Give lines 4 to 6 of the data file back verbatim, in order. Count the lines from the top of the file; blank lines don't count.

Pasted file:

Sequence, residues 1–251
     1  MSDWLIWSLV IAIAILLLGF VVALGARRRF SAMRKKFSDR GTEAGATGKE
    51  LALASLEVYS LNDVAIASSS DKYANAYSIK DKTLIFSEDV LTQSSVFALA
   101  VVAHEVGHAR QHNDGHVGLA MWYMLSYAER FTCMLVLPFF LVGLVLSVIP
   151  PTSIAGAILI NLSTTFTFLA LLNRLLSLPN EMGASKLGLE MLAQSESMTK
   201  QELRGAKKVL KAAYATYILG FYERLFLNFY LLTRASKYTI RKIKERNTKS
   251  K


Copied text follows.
   101  VVAHEVGHAR QHNDGHVGLA MWYMLSYAER FTCMLVLPFF LVGLVLSVIP
   151  PTSIAGAILI NLSTTFTFLA LLNRLLSLPN EMGASKLGLE MLAQSESMTK
   201  QELRGAKKVL KAAYATYILG FYERLFLNFY LLTRASKYTI RKIKERNTKS